Mike Potter with the biggest buck he’s ever taken: a 19-point, nontypical giant. Courtesy Mike Potter
Mike Potter has hunted his 160-acre property in Atchison County, Kansas for the last 10 years. He’s tagged a buck every year, even though he now has to travel there from his home in Byron Center, Michigan. This season, he killed his best buck yet, and he did it on a hot, muggy day when most hunters would have stayed at home.
“If I still lived in Kansas, I wouldn’t even have bothered hunting that day because it was so hot,” Potter tells Outdoor Life. “But we only had a week to hunt, so we kept at it.”
Potter says that he, his father Larry, and his friend Kevin Beer hunted the property during the first week of November, which is typically prime time. But this year was different.
“The rut is always during the first week of November, and that’s when I time my hunt,” he says. “But this year it was way too warm in early November. Conditions were just awful.”
This trail cam photo was taken around seven weeks before Potter killed the buck. Courtesy Mike Potter
The week before, Potter explains, a cold snap had kicked off an earlier-than-usual rut. But they were greeted at deer camp by 75-degree weather and a warm south wind. Potter says the bucks were in “lockdown” mode as they stayed bedded down with the does they’d corralled the previous week.
“We saw almost no bucks those first few days,” Potter says.
On the morning of Nov. 6, the three hunters headed out, and once again, the warm weather kept deer activity to a minimum. They met back at the cabin for lunch and then returned to their tree stands.
Potter got in his 18-foot-high ladder stand at 2 p.m. He was set up near a pond that was close to a known bedding area, and sometime around 5 o’clock that evening, a lone buck walked out of the woods and over to the pond for a drink.
“I’d put scent on my boots that morning, and when the buck finished drinking, he put his nose to the ground and followed my steps right to my open shooting lane at 30 yards,” Potter says. “I thought he’d surely scent me, but he was steady on that trail, nose to the ground.”
The buck made a scrape, then passed behind some trees on the way toward Potter’s shooting lane. Potter drew back his compound bow, and when the deer stepped into the opening, he released. Fixed with a two-blade mechanical broadhead, the arrow hit the deer right behind the shoulder.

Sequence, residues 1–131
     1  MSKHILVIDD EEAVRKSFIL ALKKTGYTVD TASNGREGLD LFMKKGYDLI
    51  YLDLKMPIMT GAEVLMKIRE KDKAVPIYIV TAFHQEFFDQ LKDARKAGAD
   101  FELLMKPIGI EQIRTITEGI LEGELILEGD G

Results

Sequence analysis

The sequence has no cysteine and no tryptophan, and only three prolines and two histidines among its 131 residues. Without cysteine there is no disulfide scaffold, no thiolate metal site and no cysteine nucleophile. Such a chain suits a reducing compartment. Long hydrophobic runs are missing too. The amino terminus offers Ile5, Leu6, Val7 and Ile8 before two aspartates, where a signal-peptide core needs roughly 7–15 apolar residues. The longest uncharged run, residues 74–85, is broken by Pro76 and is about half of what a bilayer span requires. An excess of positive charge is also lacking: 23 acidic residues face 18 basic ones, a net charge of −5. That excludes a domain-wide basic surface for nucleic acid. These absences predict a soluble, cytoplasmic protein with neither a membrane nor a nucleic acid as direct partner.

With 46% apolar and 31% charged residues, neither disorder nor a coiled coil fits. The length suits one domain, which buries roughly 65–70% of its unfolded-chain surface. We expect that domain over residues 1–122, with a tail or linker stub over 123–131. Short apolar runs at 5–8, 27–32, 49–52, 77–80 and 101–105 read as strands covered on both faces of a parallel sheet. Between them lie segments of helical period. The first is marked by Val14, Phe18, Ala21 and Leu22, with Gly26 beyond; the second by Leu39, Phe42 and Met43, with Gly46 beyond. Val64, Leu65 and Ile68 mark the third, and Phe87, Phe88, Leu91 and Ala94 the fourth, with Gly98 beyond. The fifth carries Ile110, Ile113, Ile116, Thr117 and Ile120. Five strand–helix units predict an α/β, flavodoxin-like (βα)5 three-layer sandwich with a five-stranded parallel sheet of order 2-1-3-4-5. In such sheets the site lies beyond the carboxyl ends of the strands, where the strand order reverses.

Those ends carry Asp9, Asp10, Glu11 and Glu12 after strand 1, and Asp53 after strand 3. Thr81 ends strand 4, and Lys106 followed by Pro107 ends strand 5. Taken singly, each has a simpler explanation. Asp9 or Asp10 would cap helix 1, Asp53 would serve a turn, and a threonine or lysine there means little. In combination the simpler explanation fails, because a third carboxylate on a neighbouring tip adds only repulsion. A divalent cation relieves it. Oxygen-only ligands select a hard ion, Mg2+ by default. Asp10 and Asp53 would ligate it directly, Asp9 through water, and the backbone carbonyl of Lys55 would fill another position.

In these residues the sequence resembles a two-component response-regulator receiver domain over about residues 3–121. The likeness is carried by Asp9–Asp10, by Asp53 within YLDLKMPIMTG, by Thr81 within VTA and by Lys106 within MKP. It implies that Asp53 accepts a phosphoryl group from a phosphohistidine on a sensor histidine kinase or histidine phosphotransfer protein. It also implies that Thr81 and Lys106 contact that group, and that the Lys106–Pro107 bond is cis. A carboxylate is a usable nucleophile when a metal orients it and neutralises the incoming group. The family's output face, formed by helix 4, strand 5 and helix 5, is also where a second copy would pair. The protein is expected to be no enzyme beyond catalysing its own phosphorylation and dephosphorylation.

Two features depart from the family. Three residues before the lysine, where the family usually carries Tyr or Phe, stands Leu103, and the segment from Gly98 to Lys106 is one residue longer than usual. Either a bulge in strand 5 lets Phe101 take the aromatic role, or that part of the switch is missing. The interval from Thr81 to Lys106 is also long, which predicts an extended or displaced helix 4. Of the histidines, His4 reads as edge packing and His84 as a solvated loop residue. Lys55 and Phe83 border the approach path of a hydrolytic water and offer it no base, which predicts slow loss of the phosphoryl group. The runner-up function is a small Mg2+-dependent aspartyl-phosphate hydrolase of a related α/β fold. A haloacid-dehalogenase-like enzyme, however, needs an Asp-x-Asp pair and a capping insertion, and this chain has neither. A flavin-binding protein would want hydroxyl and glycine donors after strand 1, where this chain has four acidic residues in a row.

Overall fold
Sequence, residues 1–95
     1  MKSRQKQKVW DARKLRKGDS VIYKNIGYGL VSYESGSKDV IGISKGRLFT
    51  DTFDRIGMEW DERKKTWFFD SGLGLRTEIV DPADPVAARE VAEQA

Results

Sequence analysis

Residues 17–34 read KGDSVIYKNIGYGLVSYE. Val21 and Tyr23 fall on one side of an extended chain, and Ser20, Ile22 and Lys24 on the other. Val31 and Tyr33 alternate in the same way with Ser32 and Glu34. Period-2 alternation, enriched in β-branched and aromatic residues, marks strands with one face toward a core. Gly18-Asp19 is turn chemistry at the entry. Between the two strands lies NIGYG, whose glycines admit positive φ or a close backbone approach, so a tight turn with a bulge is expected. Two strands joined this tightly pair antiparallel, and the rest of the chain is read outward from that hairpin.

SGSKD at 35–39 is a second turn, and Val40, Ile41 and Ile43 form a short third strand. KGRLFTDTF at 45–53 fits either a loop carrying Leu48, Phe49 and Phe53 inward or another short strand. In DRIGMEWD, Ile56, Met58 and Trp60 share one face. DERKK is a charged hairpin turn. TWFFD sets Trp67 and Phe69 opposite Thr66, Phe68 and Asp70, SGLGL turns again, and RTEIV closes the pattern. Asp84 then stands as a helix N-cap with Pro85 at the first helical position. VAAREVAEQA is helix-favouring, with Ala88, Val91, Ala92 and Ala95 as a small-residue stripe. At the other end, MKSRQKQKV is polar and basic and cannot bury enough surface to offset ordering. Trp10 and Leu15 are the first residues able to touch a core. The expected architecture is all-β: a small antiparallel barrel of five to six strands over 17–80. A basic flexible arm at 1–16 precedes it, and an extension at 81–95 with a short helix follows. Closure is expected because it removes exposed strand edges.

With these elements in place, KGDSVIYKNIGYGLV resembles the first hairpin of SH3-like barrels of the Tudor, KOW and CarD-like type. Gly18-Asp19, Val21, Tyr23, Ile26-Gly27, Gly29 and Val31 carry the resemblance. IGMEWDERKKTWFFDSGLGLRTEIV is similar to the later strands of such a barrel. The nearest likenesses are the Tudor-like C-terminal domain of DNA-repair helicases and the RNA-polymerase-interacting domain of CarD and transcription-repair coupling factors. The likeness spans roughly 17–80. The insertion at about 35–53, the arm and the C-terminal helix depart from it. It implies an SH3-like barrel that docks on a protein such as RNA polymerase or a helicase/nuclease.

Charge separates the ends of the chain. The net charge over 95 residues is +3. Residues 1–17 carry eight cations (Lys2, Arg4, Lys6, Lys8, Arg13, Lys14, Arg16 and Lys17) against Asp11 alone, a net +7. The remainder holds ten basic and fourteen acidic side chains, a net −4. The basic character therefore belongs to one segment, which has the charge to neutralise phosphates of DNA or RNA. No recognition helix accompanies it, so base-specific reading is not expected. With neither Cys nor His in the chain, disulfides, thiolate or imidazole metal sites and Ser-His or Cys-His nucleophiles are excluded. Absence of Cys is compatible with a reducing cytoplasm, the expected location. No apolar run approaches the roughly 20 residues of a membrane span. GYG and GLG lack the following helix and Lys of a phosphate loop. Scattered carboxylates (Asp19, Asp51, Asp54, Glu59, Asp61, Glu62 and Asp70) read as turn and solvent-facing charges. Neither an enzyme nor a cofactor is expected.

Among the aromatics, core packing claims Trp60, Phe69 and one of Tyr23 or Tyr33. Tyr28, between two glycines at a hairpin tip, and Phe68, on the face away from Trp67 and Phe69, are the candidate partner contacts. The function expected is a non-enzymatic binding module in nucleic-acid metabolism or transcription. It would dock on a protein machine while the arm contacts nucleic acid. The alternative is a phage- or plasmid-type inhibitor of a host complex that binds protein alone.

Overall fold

“I saw my arrow in flight because it had a lighted nock, and I knew the shot was good,” Potter says. “The deer ran downhill into a thick dry creek bed, and I heard him fall.”
After walking out to where the deer had been standing, Potter found his arrow and then backed out of the area. He met up with his dad and friend back at camp, and they returned to the dry creek bed, where they recovered the buck with an ATV.
Potter says they estimated the buck’s live weight around 200 pounds. His taxidermist gave it an unofficial green score of 171 4/8 inches.
“It’s the best deer I’ve ever taken,” Potter says. “Why that huge buck was cruising and headed to the pond for a drink is a mystery. But it sure shows that you can’t kill a deer by staying in camp on a couch.”
Potter’s approach was the right one, according to whitetail expert Dr. Grant Woods. Since the rut revolves around photoperiod, or the amount of sunlight in a given day, temperature shouldn’t factor too much into the decision to hunt or not hunt.
“Even if it’s 80 degrees, but the prom only happens once where you hunt, it’s still going to happen [during a warm front],” Woods tells Outdoor Life. “If [fawns are] born too early, they’re going to fall into a snowbank and they’re not going to make it. And if they’re born too late they’re not going to gain enough weight before the next winter and they’re not going to make it. So the system is pretty refined over a long time. The rut is going to happen at the same time [locally, every year].”
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